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Wildlife Garden 
by Niddrie Mill Primary School

Back to Wildlife Areas list On to Hunter's Hall Park
This triangle of land was once a wildlife garden for Niddrie Mill Primary School. Although it's been left to run wild, it still contains many different plants.

alder.jpg (29591 bytes)
Common Alder - 
male catkins (long and thin),female catkins (pinky red) and cones

There are many Alder trees here, on the Burn’s edge (Niddrie Burn). Alder is very valuable in many ways. Firstly, it grows in wet places. Growing beside streams, its roots help to bind the soil together to stop erosion. Its roots also have nodules on them, which contain bacteria that ‘fix’ nitrogen in the soil. This means that nitrogen is converted to nitrates, which can then be taken up by the tree, and the other plants that grow beside it. 

The trees produce male and female catkins before the leaves, in winter. The female catkins become woody when they form seeds and they look like small pine-cones. Small birds like to eat these seeds, especially Siskins. 

The wood is resistant to rotting in water and was used for clog soles in days gone by. The timber was also used to build waterside structures, including the ‘crannogs’ that were built in many Scottish lochs. These were artificial islands, used as sanctuaries for people and livestock when villages were attacked. Perhaps this is why the Alder was known in folklore as a symbol of secrecy and places of refuge.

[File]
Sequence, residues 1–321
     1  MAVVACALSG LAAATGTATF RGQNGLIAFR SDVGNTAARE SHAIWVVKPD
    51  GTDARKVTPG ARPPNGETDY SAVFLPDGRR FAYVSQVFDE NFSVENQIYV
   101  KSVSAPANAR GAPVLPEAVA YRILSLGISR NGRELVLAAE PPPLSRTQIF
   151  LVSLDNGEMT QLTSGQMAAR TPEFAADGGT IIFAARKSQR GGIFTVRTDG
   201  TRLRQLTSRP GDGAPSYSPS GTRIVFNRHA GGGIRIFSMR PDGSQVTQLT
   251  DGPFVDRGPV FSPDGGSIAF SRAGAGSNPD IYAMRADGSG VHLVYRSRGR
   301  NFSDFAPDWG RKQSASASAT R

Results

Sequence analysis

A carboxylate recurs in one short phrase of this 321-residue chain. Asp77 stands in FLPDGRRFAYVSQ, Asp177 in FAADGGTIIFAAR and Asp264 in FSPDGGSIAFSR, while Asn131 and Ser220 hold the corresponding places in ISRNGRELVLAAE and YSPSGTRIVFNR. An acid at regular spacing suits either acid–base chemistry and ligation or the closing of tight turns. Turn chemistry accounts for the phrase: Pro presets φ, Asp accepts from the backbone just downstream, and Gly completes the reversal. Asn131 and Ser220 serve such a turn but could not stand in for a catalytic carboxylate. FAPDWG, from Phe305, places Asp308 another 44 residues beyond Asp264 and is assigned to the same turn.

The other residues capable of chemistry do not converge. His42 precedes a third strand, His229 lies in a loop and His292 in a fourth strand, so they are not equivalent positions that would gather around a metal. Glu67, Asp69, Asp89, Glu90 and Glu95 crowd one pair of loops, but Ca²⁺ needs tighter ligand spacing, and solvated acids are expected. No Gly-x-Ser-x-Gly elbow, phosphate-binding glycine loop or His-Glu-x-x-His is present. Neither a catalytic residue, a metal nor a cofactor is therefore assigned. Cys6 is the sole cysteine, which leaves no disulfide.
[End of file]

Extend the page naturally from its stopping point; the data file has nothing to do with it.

Other trees here include Cherry, Birch, Ash, young Scots Pine, a large Willow by the burn, Rowan, Elm and Sycamore. On the other side of the burn are Sycamore and Birch.

There are also some shrubs that are very valuable for wildlife: Elder, Hazel, Brambles and Dog Rose. Ground plants include Dock, Cow Parsley, Ground Elder, Hogweed, Giant Hogweed, Rosebay Willowherb, grasses (mostly Cocksfoot), Few-flowered Leek (in spring), Cleavers, Lesser Celandine, Creeping Buttercup, Daffodils, mosses, Stinging Nettles, Butterbur, Common Reed, White Dead Nettle, Comfrey, and Ivy on the wall.

Keep a lookout for Starlings taking baths in the burn, Mallard ducks on the water and Siskins in the Alder trees.

What to look out for and When

Spring Summer Autumn Winter

White flowers of   Few-flowered Leek

Kidney-shaped leaves and starry yellow flowers of Lesser Celandine

Yellow Daffodils

Spikes of Butterbur flowers

Drooping yellow flowers of Comfrey

Different flowers of Grasses

Delicate white flower heads of Cow Parsley, Ground Elder and Hogweed

Red/pink flowers of Rosebay Willowherb

Butterflies and insects

Green cones on Alder

Giant Hogweed skeletons

Papery catkins on Birch trees

Huge Butterbur leaves

Bright red Rowan berries

Birds eating seeds and berries

Reddish catkins and small, dark cones on Alder trees

Siskins in the Alder trees

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